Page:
As part of our #BristolUniWomen campaign to mark International Women’s Day 2021, we’re meeting women from across the University of Bristol community who have been using their expertise to tackle the pandemic, from carrying out world-class research to helping on the frontline of the NHS.
Caroline Relton is Professor of Epigenetic Epidemiology in Bristol Medical School: Population Health Sciences (PHS) and MRC Integrative Epidemiology Unit, and Director of the Bristol Population Health Science Institute. She’s working on a major research project to track COVID-19 infections in Bristol schools.
Your research has focussed on COVID-19 recently. Could you tell us a little more?
My research is in Epigenetic Epidemiology and focuses on the causes and consequences of molecular changes to the genome in normal development and diseases, such as cancer, using population-based approaches.
With all schools closed early in the COVID-19 pandemic it became apparent the impact on children’s learning and wellbeing and how important it was to get pupils and staff back to school and minimise further closures.
Working with the city council, school heads and Public Health England, I applied for funding from the NIHR-UKRI to carry out a major research project to track coronavirus infections in Bristol schools.
The project, COVID-19 Mapping and Mitigation in Schools (CoMMinS), began last autumn with saliva-testing several thousand pupils and staff from schools across the city over the course of the school year. The aim of the study is for us to understand patterns of infections, the role of symptoms in identifying infection and the longer-term impacts of Covid-19 in children. The study also aims to provide school heads with the tools to identify cases early so they can keep their schools open and allow the continuity of education.
What have been the biggest challenges or triumphs for you during the pandemic?
The pandemic has brought a range of new opportunities and challenges for me at work. I have tried to maintain my usual research activity – understanding how epigenetics can be useful in understanding and predicting health and disease – as well as responding to the new research challenges that the pandemic has thrown up. With a large group of colleagues from many disciplines, I’ve been working closely with school leaders and the city council to help schools to operate during the pandemic.
Undertaking a research project that at the same time has practical benefit to the community is really rewarding. The pace of change has been challenging though; coping with changes in infection levels in the community, changes in government policies and guidance in schools, and changes to modes of testing have all complicated the study.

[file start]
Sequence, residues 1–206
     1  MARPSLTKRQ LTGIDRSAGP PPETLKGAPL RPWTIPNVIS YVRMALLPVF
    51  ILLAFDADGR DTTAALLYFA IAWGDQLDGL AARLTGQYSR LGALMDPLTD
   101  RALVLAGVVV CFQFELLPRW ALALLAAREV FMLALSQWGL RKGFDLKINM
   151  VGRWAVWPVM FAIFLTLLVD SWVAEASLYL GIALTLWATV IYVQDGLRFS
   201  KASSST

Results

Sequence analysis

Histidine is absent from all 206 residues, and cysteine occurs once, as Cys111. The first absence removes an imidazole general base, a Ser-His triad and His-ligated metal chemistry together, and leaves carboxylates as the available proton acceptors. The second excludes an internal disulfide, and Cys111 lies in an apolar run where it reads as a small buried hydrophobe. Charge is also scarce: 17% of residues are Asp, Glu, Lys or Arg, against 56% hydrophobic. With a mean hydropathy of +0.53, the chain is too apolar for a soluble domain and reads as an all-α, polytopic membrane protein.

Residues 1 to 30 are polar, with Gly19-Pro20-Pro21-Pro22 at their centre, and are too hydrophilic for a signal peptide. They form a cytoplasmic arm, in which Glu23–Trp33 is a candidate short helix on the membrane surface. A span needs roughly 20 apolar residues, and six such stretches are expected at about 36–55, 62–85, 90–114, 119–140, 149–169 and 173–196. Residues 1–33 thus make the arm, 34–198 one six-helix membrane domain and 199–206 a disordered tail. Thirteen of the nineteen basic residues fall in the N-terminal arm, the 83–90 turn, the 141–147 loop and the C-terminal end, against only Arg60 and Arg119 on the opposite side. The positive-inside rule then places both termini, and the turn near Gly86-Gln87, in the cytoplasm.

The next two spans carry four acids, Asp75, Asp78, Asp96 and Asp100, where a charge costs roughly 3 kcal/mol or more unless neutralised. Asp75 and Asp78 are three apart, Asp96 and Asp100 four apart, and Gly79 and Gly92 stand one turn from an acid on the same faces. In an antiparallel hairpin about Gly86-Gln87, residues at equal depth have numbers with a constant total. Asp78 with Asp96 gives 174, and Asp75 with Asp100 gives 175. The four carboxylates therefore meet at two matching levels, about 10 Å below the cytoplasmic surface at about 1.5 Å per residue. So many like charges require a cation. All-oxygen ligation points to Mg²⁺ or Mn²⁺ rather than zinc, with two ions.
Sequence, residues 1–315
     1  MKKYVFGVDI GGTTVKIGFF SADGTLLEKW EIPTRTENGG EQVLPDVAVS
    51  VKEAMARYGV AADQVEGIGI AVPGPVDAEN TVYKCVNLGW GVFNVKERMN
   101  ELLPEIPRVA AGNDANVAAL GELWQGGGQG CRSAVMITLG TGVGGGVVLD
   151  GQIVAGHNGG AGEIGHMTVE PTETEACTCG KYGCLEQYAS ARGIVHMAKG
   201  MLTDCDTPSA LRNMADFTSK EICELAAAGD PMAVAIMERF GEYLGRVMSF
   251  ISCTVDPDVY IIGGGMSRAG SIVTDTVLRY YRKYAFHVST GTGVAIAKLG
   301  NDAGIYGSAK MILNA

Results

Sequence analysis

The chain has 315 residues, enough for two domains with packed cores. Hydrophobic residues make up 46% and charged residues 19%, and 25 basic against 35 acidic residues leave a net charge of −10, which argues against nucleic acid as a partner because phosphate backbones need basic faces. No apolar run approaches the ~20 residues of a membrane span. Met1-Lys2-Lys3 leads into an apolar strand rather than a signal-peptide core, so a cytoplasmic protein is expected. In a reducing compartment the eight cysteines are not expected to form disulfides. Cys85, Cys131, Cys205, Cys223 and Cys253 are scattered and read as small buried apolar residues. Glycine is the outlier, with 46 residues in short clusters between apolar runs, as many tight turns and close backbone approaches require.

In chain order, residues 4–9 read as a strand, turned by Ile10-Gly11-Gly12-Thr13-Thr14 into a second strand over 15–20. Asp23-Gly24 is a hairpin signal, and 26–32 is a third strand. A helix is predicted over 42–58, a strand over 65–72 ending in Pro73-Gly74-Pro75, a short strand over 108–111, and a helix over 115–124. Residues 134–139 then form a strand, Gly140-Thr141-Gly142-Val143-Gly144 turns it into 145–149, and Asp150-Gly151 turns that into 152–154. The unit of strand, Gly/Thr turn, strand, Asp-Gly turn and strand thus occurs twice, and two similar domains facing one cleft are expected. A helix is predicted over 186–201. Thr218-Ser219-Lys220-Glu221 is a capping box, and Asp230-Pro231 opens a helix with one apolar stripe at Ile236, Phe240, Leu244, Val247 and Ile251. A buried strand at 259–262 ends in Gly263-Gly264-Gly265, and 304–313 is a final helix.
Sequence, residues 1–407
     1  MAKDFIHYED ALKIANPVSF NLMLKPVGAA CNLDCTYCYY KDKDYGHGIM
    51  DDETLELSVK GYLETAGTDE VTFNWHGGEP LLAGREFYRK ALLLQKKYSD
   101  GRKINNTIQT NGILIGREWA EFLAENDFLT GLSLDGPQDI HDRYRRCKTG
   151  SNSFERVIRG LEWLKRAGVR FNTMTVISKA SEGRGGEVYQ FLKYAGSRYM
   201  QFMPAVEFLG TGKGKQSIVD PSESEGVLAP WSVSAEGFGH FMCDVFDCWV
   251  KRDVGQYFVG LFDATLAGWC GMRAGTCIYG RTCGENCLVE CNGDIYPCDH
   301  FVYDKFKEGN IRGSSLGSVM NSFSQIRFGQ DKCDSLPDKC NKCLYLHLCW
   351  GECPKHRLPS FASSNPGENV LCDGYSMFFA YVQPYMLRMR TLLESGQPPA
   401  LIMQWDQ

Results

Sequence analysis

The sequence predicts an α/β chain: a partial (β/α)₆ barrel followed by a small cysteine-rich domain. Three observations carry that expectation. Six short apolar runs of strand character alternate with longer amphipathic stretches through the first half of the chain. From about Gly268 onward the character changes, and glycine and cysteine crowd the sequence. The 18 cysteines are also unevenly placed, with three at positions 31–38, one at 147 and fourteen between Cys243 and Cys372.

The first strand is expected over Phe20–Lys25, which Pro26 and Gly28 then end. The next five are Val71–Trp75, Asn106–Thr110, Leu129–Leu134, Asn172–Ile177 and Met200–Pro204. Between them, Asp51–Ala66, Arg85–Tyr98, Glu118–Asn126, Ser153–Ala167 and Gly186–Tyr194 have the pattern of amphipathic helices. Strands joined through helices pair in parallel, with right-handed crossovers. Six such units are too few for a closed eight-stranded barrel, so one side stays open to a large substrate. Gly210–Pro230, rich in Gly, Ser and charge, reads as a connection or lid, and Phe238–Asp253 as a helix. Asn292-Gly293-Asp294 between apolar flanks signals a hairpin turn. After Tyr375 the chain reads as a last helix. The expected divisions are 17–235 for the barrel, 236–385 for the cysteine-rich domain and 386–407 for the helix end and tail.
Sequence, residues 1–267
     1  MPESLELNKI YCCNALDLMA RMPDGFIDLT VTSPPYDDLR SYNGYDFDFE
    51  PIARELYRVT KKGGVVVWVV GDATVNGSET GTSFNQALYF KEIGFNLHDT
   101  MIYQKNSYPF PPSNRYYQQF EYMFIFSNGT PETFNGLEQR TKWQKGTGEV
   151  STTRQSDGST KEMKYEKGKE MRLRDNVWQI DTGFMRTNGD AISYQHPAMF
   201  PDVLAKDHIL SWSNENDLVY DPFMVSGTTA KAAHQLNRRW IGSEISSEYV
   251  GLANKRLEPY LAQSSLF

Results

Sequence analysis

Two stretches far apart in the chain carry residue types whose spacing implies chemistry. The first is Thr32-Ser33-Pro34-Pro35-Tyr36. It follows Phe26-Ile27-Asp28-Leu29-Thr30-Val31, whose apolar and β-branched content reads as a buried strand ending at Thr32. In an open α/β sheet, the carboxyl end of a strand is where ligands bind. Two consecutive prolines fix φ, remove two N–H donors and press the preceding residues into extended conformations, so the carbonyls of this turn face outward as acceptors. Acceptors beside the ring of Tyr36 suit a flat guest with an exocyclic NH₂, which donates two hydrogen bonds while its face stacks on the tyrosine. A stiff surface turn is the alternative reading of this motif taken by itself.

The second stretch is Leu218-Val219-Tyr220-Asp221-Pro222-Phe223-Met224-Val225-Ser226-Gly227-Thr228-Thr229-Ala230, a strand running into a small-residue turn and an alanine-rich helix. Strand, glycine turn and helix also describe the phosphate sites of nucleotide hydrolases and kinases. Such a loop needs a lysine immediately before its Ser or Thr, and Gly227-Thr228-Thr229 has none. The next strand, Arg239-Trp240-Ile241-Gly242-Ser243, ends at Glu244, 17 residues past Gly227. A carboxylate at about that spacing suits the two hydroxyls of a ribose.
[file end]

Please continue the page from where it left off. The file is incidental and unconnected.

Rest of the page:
What is it like being a woman in academia/medicine (adapt)? Have there been times when you have either faced inequality or had to challenge it?
I enjoy being a woman in academia. For me it is a profession that has allowed me to use a wide range of skills; organisational, social, intellectual, communication and others. I find it a privilege to work in a profession where learning is part of daily life, but the underlying mission is for the benefit of others.
A career in academia is challenging for anyone and being a woman possibly adds to those challenges. For those women who have a children or other caring responsibilities, there is always a tension in trying to do the right thing for everyone. There have been times when my contribution has been assumed to be as a ‘token’ woman rather than based on what skills or expertise I may have been able to contribute. I’ve never challenged this directly but sought to prove my worth when I’ve suspected this to be the case.
Which women have inspired you in your career?
I’ve been inspired by many mentors, colleagues, family and friends – both men and women. My identical twin sister deserves a special mention as we have always been quietly inspired by each other’s successes as we have pursued scientific careers in parallel in academia and in industry. I gain my inspiration from traits rather than specific people and try to recognise qualities that I respect and admire. Commitment, compassion, generosity and resilience are attributes I value highly, and these can be found in many walks of life.
What advice would you give to your 13-year-old self?
To believe in yourself and not place limits on what you are capable of. An academic career was never on my horizon, but I guess we don’t know what we are capable of until we try?
What are you most proud of?
My two sons. They have grown in to such adaptable and capable young adults and I couldn’t be prouder. They have always respected and supported my career and have never taken issue with the sacrifices that have occasionally been involved due to long hours, ‘lost’ weekends or time away from home.